Linda Gray has kept a fairly low profile since her 11 seasons as Sue Ellen on CBS' "Dallas" ended in 1989.
"I was offered series, sitcoms, movies-of-the-week and miniseries," Gray says. But the characters were mostly Sue Ellen wanna-bes. "I said, 'I know I can do that. Thank you for acknowledging that, but I choose to do something else.' "
So Gray acted sparingly. She did a two-part episode of the Arts & Entertainment series "Lovejoy," a cameo in the 1991 Sylvester Stallone comedy "Oscar," starred in the 1992 CBS movie "Highway Casanova" and appeared on stage with "Dallas" spouse Larry Hagman in "Love Letters."
Basically, Gray says, she just stopped her career. "I just pulled the plug. It was a big time out."
It became a time for her to have a personal life. "Let me not get up at 4 in the morning," Gray says. "Let me wonder what I am going to do next. Let me go to museums. Let me travel a little bit and play with my dog and hike. Let me touch the Earth again. I am a very earthy person, and I had to literally get my hands in the dirt and see who I was and where I was going next."
She's now returned full-time to acting. Gray recently optioned two books for possible movie-of-the-weeks and might direct another one herself. First up is the NBC film "Moment of Truth: Why My Daughter?," premiering Wednesday.
Gray decided to rev up her acting career because she realized during her hiatus that she still needed to work. "A lot of women in my position or my age or whatever, get married for a second time and they say, 'That's it,' " Gray explains. "My internal process isn't like that. I feel like I haven't started yet."
These days, Gray says, "I am feeling really aligned with who I am. ... I think maybe part of my quest out there is to find the writers, find the people with the passion that I can bring out to present roles to women. I think there is an abundance of talent out there."
The fact-based "Moment of Truth" chronicles the story of Gayle Moffitt, a mother who struggled to save her teen-age daughter from a life of crime. After her daughter's murder, Moffitt decided to help parents avoid similar tragedies.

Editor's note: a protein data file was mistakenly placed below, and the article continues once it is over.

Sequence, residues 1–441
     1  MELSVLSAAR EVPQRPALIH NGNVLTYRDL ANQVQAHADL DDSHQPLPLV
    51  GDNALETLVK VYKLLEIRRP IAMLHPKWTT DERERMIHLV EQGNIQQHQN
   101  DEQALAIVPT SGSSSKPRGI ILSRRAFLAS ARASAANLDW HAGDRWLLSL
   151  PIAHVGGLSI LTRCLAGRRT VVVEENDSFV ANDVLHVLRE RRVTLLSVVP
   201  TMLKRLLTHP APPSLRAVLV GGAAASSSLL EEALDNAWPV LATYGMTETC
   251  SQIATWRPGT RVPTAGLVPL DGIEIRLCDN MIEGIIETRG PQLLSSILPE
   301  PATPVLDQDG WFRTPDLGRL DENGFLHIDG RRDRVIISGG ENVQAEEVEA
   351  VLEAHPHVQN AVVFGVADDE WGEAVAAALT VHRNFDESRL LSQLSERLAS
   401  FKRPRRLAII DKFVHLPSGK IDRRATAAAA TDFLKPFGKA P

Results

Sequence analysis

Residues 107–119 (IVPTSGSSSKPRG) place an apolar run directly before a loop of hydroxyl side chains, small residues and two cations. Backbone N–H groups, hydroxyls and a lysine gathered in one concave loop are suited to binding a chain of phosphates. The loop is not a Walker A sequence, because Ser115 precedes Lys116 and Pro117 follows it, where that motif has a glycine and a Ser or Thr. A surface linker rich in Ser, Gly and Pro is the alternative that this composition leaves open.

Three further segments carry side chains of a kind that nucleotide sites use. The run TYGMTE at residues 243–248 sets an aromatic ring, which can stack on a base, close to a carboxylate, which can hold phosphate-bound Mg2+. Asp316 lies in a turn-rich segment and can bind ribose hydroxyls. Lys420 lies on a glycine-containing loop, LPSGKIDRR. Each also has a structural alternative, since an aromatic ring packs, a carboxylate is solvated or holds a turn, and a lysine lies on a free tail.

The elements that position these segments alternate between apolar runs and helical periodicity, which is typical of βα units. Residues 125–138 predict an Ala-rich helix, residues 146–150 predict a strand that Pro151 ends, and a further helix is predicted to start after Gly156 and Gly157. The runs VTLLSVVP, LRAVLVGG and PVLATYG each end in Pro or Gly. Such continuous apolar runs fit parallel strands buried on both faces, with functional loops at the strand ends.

Gray was leery about doing "Moment of Truth" when she learned it was a fact-based story. She told the producers: "Don't tell me that because it will turn me off." But the mother of two grown children, Jeff and Kelly, felt her maternal instincts tug when she read the script.
She also decided to do the movie because of the responsibility she believes she has as an actress "to share and educate other women. What it did to me was tap into the time in my life when my daughter was very needy, when her self-esteem was really low. I thought, 'My God. This could have happened to me if I had not paid attention.' "
Gray says the monologue at the film's conclusion spoke strongly to her. Moffitt, grieving over her daughter's death, talks with a woman who had just disowned her daughter because she didn't approve of the girl's behavior.
"I tell her that you have to love your daughter, that you have to love her through what she is going through," Gray says. "I think what compelled me was a lot of people have to hear this during those trying times when their daughters are feeling low-ebbed or very elevated and don't care about any maternal or paternal input."
The actress believes "children need to know they are loved and supported through these terrible times. We all do. We need to have someone love us through those speed bumps of life, as I call them. You want someone who will share and encourage you to be the best at who you are. I think those kinds of values need to be explored."
The real Moffitt was on the set during production, but Gray decided not to have much contact with her. "I knew her story obviously because of the script," she says, but Gray also knew she wanted to rely on her maternal instincts. "I chose not to go into her head."
Though she found Moffitt to be a "lovely woman," Gray found it disconcerting to have Moffitt observing her work. "I would look over and see her," Gray recalls. "My first instinct was, 'I hope I am doing this right.' Then I backed off of that and said I am doing this right. I know it. It feels right to me. I found that it was a distraction to have her around, but I chose for it not to be a distraction. She was there and I chose to ignore her."
Gray also selected her own look for the movie. "I chose to wear the most minimal amount of makeup possible," she says. "They aged me a little bit, so I have a lot of little lines around my face. I wanted to de-glam."
She also decided to pull back her hair. "I didn't care about it," Gray says. "The clothes were totally nondescript, so when I go into hair, makeup and wardrobe, I forgot about everything. I didn't care about what I looked like. It was great to totally be free and to tap in and explore the nuances of who this woman was. It was as if somebody just wound me up and let me go."
"Moment of Truth: Why My Daughter?" airs Wednesday at 9 p.m. on NBC.